Scotland. Day 5 -6, 3rd to 4th July.
Durness is a small town at the far north-west corner of Scotland. Here I am driving in and approaching the town. There are many magnificent beaches in the area.
If you look closely at this image or click on it for a larger view, you will see the remains of a wall. This is part of the remains of one of the small townships that disappeared in the nineteenth century.
The vicious feudal system in Scotland meant that the big landowners owned everything including houses and fishing boats. This area was owned by the Duke of Sutherland (living in Dunrobin Castle) and a lowland Scot who obtained the leasehold from the Duke in 1810 charged particularly high rents to encourage the development of sheep farming. Most of the local villages disappeared from this pressure and probably from outright evictions over the next decades. In 1841 the inhabitants of Ceannabeinne were told they would have to leave. They successfully resisted for a while and an enquiry was held. However, the enquiry found they effectively had no rights and they were evicted in 1842. Their resistance, though, allowed the inhabitants of the village of Durness to hold out and in 1886 the Crofters Act decreed that landowners could no longer force tenants off their land.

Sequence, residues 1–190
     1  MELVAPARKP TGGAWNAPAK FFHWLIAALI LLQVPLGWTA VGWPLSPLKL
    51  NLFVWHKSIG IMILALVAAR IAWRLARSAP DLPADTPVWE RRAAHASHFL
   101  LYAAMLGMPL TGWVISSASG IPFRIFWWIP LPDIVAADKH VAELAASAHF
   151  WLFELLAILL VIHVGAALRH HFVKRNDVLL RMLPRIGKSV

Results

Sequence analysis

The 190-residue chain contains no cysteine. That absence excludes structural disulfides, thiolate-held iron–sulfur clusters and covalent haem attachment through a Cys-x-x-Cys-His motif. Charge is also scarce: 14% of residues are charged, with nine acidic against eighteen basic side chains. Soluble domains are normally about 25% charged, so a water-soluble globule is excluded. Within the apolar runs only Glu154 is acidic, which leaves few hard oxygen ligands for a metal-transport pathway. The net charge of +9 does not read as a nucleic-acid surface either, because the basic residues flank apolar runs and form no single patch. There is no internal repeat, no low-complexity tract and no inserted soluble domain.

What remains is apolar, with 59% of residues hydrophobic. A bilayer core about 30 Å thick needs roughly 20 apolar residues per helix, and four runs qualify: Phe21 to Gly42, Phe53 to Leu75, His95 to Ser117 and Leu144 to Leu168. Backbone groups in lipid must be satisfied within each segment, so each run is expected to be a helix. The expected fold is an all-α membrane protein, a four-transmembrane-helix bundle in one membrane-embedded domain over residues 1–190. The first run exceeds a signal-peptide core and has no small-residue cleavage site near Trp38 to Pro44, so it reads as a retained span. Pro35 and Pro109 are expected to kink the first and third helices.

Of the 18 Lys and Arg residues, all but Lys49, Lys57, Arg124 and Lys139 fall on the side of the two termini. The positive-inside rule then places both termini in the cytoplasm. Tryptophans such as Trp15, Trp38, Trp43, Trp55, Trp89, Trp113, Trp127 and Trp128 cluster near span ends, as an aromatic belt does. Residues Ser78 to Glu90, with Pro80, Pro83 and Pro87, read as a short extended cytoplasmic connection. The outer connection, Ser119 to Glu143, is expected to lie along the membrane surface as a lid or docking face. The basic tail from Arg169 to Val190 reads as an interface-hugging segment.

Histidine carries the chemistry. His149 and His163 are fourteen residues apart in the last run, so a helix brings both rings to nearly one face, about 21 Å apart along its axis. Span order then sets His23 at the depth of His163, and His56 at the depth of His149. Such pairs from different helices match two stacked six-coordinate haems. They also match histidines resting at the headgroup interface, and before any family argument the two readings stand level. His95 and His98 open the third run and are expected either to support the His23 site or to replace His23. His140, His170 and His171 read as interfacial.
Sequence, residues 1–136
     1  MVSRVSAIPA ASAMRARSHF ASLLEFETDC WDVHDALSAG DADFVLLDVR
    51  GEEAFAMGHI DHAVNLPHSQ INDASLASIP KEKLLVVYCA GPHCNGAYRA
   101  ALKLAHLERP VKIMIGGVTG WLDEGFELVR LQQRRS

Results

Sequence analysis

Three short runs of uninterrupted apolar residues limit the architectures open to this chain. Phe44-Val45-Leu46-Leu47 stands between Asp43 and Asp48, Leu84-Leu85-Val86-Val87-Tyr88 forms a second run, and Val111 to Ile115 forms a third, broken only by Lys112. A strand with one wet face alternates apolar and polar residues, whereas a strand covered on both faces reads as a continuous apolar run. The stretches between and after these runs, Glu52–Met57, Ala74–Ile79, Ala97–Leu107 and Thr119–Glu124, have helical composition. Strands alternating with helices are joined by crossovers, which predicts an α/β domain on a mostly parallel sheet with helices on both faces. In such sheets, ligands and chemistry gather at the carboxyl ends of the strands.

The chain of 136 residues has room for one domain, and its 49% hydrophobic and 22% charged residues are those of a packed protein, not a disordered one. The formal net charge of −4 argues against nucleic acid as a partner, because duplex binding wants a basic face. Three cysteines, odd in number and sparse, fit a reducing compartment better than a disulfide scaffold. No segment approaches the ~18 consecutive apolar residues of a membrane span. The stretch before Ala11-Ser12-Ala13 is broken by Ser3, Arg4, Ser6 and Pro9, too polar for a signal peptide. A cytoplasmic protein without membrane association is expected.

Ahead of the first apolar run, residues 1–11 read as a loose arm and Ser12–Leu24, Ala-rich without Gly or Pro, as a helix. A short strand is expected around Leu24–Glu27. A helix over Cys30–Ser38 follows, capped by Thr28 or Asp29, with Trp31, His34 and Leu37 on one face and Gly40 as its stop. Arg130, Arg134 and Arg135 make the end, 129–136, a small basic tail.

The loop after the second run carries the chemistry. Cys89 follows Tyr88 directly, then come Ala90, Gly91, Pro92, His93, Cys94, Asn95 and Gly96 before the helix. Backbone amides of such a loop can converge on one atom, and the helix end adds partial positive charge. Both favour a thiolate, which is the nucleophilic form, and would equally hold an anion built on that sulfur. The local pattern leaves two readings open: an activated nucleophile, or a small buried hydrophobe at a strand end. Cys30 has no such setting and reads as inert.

An old bridge at Durness. You can also see it in the first image.
At the beginning of the nineteenth century, Balnakeil, just past Durness, was the largest town in the area. By 1840, though, it had been cleared out for a sheep farm. The houses you can see at far left are not Balnakeil but I think a modern farm.
There remains the picturesque remains of an old church at Balnakeil. This and the next few images are from there.
Balnakeil was a centre for Christianity from the eighth century. This church was built in 1617 and rebuilt in 1690. It was abandoned in the mid 19th century when a new church was built.
Balnakeil Mill is just across the road from the church. The flowers are daffodils, still in flower due to the sheltered location.
The mill was built around 1830 and was last used just before the First World War.
The main tourist attraction at Durness is Smoo Caves. A midden outside the cave was found to have iron age remains at the top down to mesolithic remains at the bottom. So there was habitation here between 5,000 to 10,000BC and 1000AD. The cove was also extensively used for ship repair and temporary accommodation by the vikings.